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Connecting to Our Food Web

Dedicated to educational resources towards building and sustaining viable food webs and ecosystems
Late March  crocus and dwarf iris
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Welcome To My Jungle -- October, 2018


The Missouri Botanical Garden has transformed an area of turf adjacent to the Lehmann Building into a space of wonder. Hundreds of thousands of flowering bulbs carpet the lawn in a succession of bloom from late winter well into fall, starting with dwarf iris and spring crocus, and ending with fall crocus (Colchicum spp.). Turf has never been that interesting to me but this technique was so transformative, I was encouraged to try it in my jungle this fall…though to a much smaller scale. To naturalize bulbs in my selected turf area, I started with late-winter bloomers to hopefully give foliage enough time to "ripen" completely next spring before the lawn needs mowing. I borrow the word "ripen" to mean that the leaves will have enough time to sufficiently feed the bulb before being fully or partially mowed off. I randomly planted early crocus, three dwarf iris cultivars (Iris reticulata) and striped squill (Puschkinia libanotica). Some I planted in groups of various sizes (2-5) and others I planted singly to give a more naturalized appearance. If all goes well next spring, I may consider adding some winter aconite (Eranthus spp.), glory-on-the-snow (Chionodoxa spp.), snowdrops (Galanthus spp.), Siberian squill (Scilla siberica) or mini daffodils like 'February Gold' next fall.

Bulbs usually come with instructions on how many should be planted per square foot for bed planting. But what if you like circles of colors rather than squares? A square foot is equivalent to 144 square inches (12" x 12"). Then calculate what the diameter of a circle whose same area is 144 square inches. Using the area of a circle formula (A=πr2), we find a circle with the interior diameter of 13.54" equals 144 square inches. You can now make a simple template out of a cardboard box regardless of whether you like squares or circles, while still maintain the proper density regardless of how big of bed you are planting!

Rodents can be serious pests following bulb planting, especially to small bulbs which are not planted deeply. Just in a short period of time, scavenging rodents, most especially squirrels and chipmunks, can dig up all your hard work. Edible bulbs either mysteriously disappear or little bits are left behind on the surface to signal their destruction, while the inedible ones are usually just left scattered on the surface. For this reason, inspect planting sites the next several days after planting to insure that any uprooted bulbs get replanted and any obviously eaten ones are noted for the next bulb order. From experience, any noticeable disturbance in the soil attracts rodents to scavenge, so effort should be made to conceal signs of digging. To reduce scavenging, always plant bulbs to their maximum depth using soil to firmly refill the hole rather than mulch, just to make it less attractive. Camouflage the disturbed area with leaf or bark mulch, followed by watering just enough to settle the planting area surface. In some cases, wire mesh over the planting area may be warranted until the soil settles and removed before foliage emerges in the spring. Where moles are an issue, some bulbs can be underlain with wire mesh to protect them from underground feasting. Incidentally, my dog shows the same behavior with disturbed soil. Anytime I do a poor job of camouflaging a newly planted "anything", she digs it up enthusiastically as if spying a rodent in its burrow. Out of thousands of plants, she can immediately find and harass anything newly planted.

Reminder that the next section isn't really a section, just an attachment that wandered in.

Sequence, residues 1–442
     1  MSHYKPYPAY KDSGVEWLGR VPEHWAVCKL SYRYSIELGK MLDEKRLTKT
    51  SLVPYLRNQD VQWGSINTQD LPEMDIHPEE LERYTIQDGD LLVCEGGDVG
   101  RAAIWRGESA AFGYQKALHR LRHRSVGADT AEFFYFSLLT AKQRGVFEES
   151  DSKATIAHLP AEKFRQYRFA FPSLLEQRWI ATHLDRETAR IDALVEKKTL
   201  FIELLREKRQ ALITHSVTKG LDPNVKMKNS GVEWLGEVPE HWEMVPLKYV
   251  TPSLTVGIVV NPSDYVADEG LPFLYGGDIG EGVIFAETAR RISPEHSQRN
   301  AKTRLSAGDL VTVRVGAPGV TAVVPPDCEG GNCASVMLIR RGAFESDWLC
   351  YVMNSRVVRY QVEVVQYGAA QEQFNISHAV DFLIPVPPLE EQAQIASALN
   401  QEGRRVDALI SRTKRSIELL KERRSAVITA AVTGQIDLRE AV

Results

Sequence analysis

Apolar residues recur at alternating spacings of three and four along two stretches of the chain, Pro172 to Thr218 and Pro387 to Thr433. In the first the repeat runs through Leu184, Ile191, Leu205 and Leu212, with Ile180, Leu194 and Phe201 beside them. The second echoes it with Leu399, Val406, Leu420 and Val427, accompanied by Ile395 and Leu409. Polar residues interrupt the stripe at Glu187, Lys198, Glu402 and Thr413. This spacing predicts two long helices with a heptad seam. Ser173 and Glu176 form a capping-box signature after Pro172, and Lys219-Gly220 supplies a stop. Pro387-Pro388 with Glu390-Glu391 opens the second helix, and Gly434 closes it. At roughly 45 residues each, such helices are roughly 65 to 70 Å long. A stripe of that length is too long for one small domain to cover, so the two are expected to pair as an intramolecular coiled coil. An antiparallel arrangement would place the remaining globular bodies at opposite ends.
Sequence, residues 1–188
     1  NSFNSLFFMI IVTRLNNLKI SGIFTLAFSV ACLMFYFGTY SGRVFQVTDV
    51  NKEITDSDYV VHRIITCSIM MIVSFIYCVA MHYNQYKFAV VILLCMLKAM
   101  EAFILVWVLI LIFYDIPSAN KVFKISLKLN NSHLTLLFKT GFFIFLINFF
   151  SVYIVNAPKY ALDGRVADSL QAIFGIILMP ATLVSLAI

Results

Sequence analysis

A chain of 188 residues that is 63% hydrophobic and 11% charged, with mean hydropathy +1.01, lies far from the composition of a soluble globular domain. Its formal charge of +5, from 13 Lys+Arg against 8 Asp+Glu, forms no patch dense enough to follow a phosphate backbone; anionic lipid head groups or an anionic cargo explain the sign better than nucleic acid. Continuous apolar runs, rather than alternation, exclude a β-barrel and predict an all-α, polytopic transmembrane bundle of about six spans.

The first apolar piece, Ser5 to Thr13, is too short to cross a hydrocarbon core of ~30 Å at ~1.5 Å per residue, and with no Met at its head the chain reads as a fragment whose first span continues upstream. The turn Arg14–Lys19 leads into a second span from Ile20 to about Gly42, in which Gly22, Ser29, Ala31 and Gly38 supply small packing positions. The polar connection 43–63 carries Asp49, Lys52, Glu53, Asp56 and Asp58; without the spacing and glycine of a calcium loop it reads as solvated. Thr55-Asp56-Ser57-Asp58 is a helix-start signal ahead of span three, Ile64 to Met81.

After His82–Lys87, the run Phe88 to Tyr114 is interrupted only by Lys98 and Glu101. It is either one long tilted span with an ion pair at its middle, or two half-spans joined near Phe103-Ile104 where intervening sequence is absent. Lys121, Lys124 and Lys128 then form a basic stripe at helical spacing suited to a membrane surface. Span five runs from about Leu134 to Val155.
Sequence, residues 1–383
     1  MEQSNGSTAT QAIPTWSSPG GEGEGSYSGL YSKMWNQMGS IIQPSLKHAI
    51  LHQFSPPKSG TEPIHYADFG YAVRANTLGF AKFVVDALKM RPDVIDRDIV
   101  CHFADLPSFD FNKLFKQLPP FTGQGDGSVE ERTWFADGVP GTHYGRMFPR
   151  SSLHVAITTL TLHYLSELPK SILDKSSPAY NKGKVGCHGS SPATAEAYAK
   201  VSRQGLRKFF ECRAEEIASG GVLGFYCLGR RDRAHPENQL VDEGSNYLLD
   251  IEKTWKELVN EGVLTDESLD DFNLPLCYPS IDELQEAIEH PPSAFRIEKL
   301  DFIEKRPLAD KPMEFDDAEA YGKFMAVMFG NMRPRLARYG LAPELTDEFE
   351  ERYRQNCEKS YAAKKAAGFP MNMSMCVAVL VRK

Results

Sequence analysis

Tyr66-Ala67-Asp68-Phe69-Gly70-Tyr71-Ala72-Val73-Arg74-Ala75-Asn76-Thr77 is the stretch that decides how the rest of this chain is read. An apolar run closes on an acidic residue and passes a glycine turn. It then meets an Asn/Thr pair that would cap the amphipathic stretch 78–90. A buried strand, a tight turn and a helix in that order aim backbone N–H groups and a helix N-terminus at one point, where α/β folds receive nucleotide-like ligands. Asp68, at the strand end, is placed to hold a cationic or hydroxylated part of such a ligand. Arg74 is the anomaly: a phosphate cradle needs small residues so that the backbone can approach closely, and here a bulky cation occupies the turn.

It is pretty obvious that brown marmorated stink bugs (BMSB) are now congregating and looking for winter lodgings. While I was planting bulbs the last day of September, various layers of clothing including a sweatshirt, gloves, hat and apron came on and off throughout the day. When off, they were draped over one of the patio chairs and in just a matter of moments, several BMSB found their way into the nooks and crannies and had to be shaken out before redonning. Out of curiosity, I opened the umbrella we keep on the patio for taking the dog out when it's raining, only to find it totally infested with BMSB. By the time I had removed them all, I had to go inside for a breath of fresh air. I'm pretty sure one came in with me!


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